Imagine your life 5 years from now. What is it going to be like?
Imagine a life with less: less stuff, less clutter, less stress, less debt and discontent. A life with fewer distractions.
Now imagine a life with more. More time, more meaningful experiences, more interaction, and contribution.
This is a rich life. This is the kind of rich that has nothing to do with wealth. It has nothing to do with accumulating stuff.
You know, I used to think that a rich life meant owning a lot of stuff. I told myself, when I have this then I will be happy. But you know, the closer I got, the farther away happiness was. I was so focused on success and the accumulation of stuff that the more I focused on having this and that, the more it gave me stress, anxiety and discontent.
I may look like I have a lot of stuff and was happy about it, but certainly, I didn’t feel happy inside. There was void inside me. So to fill this void, I did what the majority of people do. Accumulated more stuff! This included expensive meals, clothes, and gadgets. I thought this would get me happiness eventually, but it didn’t. It even widened it. Because I didn’t know what was important, I continued to feel this void by accumulating more.
I even made excuses to myself and said, “It’s on sale! Maybe I need it or want it someday. I’ll get it just in case.” Just. In. Case. The three most dangerous words in the English language. When you go shopping for what you really need but you begin to tell yourself, “Just in case” there’s a high probability of you never using it.
If we are not aware of what accumulating does, one day, our homes will be filled with the words “I want this” instead of “I love you”. Parents, I know you want what’s best for your children and you want to give them what they want, but be careful because you may find them someday unhappy because they’ve only learned to be happy when they accumulate. Because they have defined themselves not with what they do but with what they own.
“In a nation that was proud of hard work, strong families, close-knit communities, and our faith in God, too many of us now tend to worship self-indulgence and consumption. Human identity is no longer defined by what one does, but by what one owns. But we’ve discovered that owning things and consuming things does not satisfy our longing for meaning. We’ve learned that piling up material goods cannot fill the emptiness of lives which have no confidence or purpose… This is not a message of happiness or reassurance, but it is the truth and it is a warning.” – Jimmy Carter
2 years ago, I bumped into the concept of minimalism. It took my interest. So I asked myself these questions…
Can I really be happier with less stuff? Will I have more time, more meaningful experience, and less stressors and expenses?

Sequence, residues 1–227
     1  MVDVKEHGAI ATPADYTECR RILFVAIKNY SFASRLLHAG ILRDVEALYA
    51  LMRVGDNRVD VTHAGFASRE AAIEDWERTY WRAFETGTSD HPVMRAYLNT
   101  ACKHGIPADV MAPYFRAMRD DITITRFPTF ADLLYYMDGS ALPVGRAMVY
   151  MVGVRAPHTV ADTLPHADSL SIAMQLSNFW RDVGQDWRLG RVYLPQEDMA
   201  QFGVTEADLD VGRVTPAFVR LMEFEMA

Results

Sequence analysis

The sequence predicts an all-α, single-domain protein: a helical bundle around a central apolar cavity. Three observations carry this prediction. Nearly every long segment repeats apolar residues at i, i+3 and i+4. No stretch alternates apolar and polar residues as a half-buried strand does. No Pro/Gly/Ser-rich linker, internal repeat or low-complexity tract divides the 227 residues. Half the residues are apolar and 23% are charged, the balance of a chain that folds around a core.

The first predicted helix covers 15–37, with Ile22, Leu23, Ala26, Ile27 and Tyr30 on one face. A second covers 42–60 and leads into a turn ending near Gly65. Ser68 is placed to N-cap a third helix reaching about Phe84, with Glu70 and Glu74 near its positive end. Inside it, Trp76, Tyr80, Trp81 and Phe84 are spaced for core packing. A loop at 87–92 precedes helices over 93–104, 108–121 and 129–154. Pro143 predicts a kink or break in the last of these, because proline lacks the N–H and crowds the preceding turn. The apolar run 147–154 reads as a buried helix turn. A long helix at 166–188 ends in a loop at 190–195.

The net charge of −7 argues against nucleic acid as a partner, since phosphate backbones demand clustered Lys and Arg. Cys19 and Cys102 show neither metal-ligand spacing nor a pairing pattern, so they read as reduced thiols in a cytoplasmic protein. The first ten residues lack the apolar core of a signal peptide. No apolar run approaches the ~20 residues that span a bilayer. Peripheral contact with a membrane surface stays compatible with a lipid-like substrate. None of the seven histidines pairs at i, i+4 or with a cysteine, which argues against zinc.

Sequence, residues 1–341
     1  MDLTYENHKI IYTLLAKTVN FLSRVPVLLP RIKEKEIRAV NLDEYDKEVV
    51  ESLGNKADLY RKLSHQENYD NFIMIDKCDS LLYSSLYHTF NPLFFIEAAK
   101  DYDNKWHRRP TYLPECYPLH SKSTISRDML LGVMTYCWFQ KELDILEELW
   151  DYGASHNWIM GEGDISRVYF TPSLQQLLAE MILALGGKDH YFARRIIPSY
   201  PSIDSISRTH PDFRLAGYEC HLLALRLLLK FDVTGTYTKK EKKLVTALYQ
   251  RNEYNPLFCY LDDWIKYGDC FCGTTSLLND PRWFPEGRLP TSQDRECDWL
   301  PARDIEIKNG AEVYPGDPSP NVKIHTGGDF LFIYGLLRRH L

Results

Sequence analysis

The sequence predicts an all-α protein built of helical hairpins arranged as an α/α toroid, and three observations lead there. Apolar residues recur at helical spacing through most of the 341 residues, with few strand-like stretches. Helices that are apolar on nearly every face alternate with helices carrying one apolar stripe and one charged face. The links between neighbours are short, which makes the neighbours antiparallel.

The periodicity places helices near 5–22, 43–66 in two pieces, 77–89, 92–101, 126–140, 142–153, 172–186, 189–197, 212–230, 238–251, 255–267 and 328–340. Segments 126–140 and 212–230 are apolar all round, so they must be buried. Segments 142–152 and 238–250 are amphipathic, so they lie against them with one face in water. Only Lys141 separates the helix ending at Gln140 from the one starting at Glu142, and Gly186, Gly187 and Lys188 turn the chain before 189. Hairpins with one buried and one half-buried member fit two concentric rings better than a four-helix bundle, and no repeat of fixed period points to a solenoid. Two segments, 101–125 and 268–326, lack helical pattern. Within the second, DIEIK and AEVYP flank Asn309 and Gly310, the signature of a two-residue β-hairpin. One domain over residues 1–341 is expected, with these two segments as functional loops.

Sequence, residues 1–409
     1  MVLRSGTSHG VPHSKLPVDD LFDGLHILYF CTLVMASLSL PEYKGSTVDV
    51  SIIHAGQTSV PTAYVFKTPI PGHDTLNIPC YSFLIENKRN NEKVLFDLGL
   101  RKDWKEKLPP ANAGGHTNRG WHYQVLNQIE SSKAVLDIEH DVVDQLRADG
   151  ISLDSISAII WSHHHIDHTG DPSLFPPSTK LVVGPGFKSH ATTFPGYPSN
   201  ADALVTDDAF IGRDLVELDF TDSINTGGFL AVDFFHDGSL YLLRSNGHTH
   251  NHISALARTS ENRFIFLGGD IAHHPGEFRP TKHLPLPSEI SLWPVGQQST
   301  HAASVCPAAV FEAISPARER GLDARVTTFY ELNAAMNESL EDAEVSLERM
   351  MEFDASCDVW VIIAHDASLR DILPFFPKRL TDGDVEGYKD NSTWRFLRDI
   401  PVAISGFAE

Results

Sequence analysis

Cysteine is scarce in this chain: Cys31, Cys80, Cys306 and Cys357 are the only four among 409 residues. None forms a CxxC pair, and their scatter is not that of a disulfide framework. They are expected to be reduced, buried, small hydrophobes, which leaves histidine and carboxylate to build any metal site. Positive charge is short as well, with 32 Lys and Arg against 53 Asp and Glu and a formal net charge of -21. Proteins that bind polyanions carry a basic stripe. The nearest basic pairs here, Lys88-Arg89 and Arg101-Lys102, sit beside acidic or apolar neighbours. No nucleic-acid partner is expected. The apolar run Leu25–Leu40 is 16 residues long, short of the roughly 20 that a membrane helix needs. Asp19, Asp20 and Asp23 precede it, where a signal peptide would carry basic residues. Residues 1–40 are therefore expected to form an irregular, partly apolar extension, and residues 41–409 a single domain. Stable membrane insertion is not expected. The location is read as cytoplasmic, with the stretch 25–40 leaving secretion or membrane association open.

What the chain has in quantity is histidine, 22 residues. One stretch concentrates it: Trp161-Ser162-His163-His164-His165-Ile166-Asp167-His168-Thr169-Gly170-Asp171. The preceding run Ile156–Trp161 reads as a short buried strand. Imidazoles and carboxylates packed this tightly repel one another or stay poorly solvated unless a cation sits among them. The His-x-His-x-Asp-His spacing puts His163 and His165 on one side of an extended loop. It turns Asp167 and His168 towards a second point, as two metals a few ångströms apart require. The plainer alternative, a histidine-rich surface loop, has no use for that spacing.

So I tried to test minimalism. I began putting my clothes that were in my closet for a year and have never been used in a plastic bag. I gave them to our house helper’s children and gave some to mission houses.
After looking at my closet, I said, “Wow, this looks good and tidy. When did I ever have that much stuff?” I was excited about minimalism. I felt light. So what I did was take a look at my other stuff. The papers, photos, and this and that, and began disposing them. I even gave myself a challenge. “To let go of one thing every day, until what’s left for me are those things with which I really value.
You see, the more action you take, the more you want to take action. Letting go of my stuff was just what I needed. It filled that emptiness inside.
You may say, “I value my shoe collection, and my book collection that much. Will I have to let it go?” Ask yourself first, “what value does this give to my life? Will these shoes make me happy? If that’s what you really want, then don’t let it go. But remember, sometimes what you thought want is not really what you wanted at all. You don’t want clothes. You just want what clothes give you.
How about pictures, those sentimental things, or your batch jacket? You know what, “Our memories are not inside our things. Our memories are inside us” said theminimalist.com. Real value is what’s inside of us. You don’t get value by holding on to your stuff. So don’t store your memories in your storage box.
Since that time I chose to live with less, I had more time for my family, my friends, and my passion. I became productive. I became happier.
The challenge that I’m going to give you now is this.
Dispose of one item from your stuff every day for the whole year. I’m sure, you’ll be amazed on what’s going to happen. I know this will be hard. It’s a process, so start by letting go one thing at a time.
In letting go of your stuff, ask yourself “Does this thing add value to my life?”
Letting go of clutter is simply the first half. The second half of living this kind of rich life is consuming less. Consumption is not the problem. Compulsory consumption is the problem. You can let go of your stuff all you want, but if you consume more than what you let go, you’ll eventually accumulate more stuff.
Here are some questions that are more important than letting go.
Why did I give so much meaning to my stuff?
What is important in my life?
When did I ever find my discontent?
Who’s the person I want to become?
How am I going to define my own success?
If you don’t answer these questions, you will begin to accumulate stuff again. The more we consume, the more waste we produce. The more we consume, the more debt we will have.
Debt! You must realize that the only way out is to let go, and when you let go, you even encourage others to let go too.
If you’re unhappy, why not try letting go whether that is clothes, vices, behaviors of people, and this and that. It can really help, and it did for me.